Surprise, surprise: The morning started significantly colder than the evening before as during the night, we had crossed the Antarctic Convergence and were now officially in Antarctica based on the biological boundary. We hadn’t finished breakfast before our next surprise: Humpback whales in front of the ship! They were very active with tail slaps, pectorial slaps and peduncle throws and one even breached. Of course, the whales also showed their tails regularly shortly before diving. We spent some time with these magnificent creatures before the ship had to resume its course towards Antarctica.
After this amazing encounter, it was time to dive into the daily routine: briefings galore! We gathered in the lecture room and the bar to listen to Seba and John respectively who introduced us to the IAATO guidelines we would have to follow in Antarctica. In other words, we learned how to behave around wildlife, and how to cope with the challenging environment. This interesting briefing was followed by instructions about zodiac operations.
Later this morning, Sandra introduced us to photography and gave us valuable advice on how to improve our pictures. How it is not just picture taking, but more about picture making, how we can arrange the horizon and where to put our main component of the picture. She also introduced us to some of the technical terms and settings, such as f-stop, shutter speed and ISO and which to use for what kind of picture.
With all this new knowledge, it was time to regenerate our energy with a delicious lunch served to us in the dining room.
The break did not take long as we saw further whale blows all around the ship. In order to not miss anything, it was time to come out onto the outer decks to watch these majestic animals. At one point, two Fin whales came fairly close to the ship on their voyage through the open ocean.
Thereafter, the kayakers met with Pete for a briefing and an introduction into the activity including the distribution of the gear and setting up the kayaks.
Equipped with a whole lot of new information and Antarctica now being in sight on the horizon, we proceeded to the next necessary step towards visiting the White Continent: the vacuum-cleaning of our outer garments to prevent the introduction of non-native species. So the big vacuuming party in the bar started, and we carefully checked and cleaned jackets, pants, gloves, hats and backpacks.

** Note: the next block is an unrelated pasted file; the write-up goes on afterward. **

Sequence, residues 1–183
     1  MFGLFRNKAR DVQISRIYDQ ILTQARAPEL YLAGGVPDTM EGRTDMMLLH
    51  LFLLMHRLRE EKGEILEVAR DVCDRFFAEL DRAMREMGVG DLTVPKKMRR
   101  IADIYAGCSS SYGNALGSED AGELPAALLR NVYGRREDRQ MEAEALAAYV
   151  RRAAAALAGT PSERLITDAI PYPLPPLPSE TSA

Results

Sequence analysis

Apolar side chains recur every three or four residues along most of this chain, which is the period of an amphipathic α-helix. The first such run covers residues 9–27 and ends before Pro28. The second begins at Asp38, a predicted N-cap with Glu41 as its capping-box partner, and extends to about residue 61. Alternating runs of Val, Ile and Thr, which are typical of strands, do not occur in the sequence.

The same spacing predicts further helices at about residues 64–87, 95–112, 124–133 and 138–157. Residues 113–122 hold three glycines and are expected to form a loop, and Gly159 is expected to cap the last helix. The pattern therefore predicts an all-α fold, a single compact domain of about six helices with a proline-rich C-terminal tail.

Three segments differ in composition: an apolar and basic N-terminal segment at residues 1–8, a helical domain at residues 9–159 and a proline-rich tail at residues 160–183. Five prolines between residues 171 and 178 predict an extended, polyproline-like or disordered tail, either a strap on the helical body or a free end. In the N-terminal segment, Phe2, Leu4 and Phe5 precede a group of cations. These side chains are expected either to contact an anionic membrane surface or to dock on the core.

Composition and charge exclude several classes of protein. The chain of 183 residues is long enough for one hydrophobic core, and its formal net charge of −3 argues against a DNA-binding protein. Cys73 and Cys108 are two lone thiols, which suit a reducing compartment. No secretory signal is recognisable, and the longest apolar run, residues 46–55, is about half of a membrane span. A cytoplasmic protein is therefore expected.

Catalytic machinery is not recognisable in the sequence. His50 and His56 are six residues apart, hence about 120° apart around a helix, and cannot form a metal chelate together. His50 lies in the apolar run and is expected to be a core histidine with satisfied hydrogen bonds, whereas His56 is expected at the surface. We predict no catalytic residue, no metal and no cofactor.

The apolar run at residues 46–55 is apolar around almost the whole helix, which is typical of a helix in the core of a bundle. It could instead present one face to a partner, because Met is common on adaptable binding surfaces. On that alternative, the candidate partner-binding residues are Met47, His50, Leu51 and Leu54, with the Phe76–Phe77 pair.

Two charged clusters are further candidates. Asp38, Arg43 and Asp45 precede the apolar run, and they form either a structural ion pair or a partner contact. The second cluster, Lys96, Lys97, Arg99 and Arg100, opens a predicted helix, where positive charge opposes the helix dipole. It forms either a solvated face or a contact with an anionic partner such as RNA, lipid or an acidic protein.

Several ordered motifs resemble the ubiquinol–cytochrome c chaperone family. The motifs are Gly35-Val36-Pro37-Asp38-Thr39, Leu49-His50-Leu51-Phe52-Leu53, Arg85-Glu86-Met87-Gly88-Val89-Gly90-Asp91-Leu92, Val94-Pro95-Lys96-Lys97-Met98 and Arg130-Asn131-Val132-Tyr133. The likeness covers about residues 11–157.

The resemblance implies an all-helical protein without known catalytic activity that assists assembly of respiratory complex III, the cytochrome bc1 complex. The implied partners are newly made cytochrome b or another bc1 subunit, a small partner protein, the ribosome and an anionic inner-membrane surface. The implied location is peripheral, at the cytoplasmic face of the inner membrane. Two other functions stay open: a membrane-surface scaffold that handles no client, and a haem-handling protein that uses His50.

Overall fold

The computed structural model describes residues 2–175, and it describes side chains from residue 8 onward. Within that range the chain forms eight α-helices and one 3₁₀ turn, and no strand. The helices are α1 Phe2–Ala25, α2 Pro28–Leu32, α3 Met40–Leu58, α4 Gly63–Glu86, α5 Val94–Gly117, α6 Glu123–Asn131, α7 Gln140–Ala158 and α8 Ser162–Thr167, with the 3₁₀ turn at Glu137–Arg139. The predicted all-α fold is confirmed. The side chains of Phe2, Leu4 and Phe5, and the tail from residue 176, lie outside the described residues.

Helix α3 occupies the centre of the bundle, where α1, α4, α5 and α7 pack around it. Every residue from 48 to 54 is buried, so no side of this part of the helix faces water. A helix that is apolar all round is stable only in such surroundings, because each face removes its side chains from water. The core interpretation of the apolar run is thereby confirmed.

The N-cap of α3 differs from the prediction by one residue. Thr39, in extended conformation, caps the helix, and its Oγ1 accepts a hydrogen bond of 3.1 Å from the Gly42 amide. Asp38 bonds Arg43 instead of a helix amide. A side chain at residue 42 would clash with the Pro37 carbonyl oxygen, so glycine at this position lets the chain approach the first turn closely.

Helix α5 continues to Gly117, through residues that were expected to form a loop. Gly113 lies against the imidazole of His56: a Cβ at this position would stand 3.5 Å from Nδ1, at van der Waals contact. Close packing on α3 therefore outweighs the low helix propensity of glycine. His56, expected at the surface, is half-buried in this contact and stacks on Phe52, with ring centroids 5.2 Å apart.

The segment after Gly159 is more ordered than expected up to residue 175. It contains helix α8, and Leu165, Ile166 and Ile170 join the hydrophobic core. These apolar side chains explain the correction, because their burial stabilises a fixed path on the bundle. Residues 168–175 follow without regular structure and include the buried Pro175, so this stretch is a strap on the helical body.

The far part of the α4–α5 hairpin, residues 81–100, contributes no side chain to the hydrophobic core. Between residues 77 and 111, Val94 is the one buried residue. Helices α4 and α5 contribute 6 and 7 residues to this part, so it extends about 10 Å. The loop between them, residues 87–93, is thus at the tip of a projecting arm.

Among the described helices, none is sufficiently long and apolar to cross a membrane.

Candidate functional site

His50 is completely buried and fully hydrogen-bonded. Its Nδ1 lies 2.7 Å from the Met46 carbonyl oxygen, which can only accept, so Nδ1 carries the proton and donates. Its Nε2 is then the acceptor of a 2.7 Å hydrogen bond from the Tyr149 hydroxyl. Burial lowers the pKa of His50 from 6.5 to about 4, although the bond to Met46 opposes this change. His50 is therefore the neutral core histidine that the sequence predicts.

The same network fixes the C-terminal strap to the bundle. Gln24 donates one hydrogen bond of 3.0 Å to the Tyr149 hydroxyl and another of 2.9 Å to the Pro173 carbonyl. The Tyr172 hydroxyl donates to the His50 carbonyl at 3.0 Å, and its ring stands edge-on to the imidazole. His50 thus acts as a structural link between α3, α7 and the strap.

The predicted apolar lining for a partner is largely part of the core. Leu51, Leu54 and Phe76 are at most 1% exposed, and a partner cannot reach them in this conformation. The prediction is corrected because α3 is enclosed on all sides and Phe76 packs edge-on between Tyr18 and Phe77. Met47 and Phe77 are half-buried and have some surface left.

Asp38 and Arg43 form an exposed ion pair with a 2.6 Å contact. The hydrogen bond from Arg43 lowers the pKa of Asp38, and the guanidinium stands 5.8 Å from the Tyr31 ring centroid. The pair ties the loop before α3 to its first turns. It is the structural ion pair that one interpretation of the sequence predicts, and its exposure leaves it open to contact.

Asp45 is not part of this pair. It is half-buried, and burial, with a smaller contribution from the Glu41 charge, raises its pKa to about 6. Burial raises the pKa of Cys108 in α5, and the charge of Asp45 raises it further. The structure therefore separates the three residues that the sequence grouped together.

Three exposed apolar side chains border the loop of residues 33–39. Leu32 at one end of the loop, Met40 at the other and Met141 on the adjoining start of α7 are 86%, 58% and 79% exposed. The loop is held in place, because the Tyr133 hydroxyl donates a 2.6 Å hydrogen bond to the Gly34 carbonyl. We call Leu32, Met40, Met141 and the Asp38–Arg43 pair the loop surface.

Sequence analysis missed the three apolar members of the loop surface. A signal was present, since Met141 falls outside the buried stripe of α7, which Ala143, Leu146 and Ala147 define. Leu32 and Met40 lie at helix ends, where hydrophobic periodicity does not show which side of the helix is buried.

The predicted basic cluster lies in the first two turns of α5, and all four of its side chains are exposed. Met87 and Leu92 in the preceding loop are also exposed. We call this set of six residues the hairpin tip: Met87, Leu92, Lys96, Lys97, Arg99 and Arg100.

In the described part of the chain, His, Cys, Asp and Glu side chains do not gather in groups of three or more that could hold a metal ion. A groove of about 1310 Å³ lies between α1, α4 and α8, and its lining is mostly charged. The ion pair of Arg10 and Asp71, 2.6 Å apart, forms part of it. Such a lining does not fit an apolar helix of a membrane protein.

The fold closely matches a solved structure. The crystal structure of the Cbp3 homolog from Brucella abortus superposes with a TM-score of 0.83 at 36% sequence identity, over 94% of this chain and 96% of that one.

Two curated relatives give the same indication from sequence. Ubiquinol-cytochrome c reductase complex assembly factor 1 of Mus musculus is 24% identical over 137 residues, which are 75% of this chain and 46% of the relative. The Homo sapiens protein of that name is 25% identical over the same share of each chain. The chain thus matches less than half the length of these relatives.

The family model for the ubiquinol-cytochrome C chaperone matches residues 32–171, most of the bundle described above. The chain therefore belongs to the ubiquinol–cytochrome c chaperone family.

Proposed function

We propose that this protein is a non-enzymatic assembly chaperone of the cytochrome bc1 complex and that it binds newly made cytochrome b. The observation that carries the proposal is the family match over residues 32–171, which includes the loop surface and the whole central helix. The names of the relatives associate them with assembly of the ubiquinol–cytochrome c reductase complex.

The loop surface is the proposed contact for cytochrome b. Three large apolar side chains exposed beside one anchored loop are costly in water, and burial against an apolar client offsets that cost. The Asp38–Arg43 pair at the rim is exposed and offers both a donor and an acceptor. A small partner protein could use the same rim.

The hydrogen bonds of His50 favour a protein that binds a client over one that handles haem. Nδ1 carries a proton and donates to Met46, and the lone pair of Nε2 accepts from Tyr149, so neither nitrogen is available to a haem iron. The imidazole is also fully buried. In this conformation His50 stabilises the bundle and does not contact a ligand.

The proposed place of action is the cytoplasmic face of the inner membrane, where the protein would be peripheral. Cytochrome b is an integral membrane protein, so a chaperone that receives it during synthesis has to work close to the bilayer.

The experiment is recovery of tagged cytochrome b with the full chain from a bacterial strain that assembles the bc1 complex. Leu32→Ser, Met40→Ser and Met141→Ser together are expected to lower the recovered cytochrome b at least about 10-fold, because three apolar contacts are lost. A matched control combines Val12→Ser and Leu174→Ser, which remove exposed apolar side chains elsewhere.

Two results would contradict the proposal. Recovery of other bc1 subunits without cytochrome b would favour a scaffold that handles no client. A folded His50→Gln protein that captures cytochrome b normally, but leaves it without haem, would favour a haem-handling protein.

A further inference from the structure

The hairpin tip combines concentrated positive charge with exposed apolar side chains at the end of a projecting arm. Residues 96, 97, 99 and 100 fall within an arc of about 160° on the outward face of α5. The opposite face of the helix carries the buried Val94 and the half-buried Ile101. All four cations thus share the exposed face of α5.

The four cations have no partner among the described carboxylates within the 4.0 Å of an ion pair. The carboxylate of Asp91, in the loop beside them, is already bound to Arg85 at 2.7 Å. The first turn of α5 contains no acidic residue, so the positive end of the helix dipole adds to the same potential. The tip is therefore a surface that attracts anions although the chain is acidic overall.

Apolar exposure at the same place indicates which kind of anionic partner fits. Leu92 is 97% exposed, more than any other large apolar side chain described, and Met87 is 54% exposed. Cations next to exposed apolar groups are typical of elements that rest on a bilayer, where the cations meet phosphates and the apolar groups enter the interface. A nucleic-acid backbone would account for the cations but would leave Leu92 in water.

All this was followed by another meeting. This time, it was the campers meeting with Arjen and John to prepare for a fantastic night out in Antarctica.
To round up the day, we had our daily recap with the plans for our first activity day in Antarctica and a description of the Antarctic Convergence by Sebastian before finishing off the day with a lovely dinner.
Overnight, we had crossed the Bransfield Strait and by 07:00 we were approaching our first Antarctic operation at Orne Harbour. It was cloudy but bright and calm, and we soon found ourselves in another world.
The zodiacs were lowered at 08:30 and soon afterwards we set off cruising through the sea ice and icebergs. A small Chinstrap penguin colony was our first stop and here we watched as the birds arrived and departed their summer home on the icy shore. Antarctic Cormorants nested alongside the penguins in this bare and exposed location. On the cliffs above small numbers of Antarctic Terns were seen, and heard, as they too breed here. A Leopard seal appeared briefly offshore on patrol and on the lookout for an unwary penguin. We cruised around the bay enjoying the glacial landscape, mountains and overall.
Back on board for lunch and Ortelius sailed onward toward our next stop at Brown Station in Paradise Bay. En route we passed close to mighty icebergs and had an unusual sighting of a Leopard seal with her pup resting on an ice floe.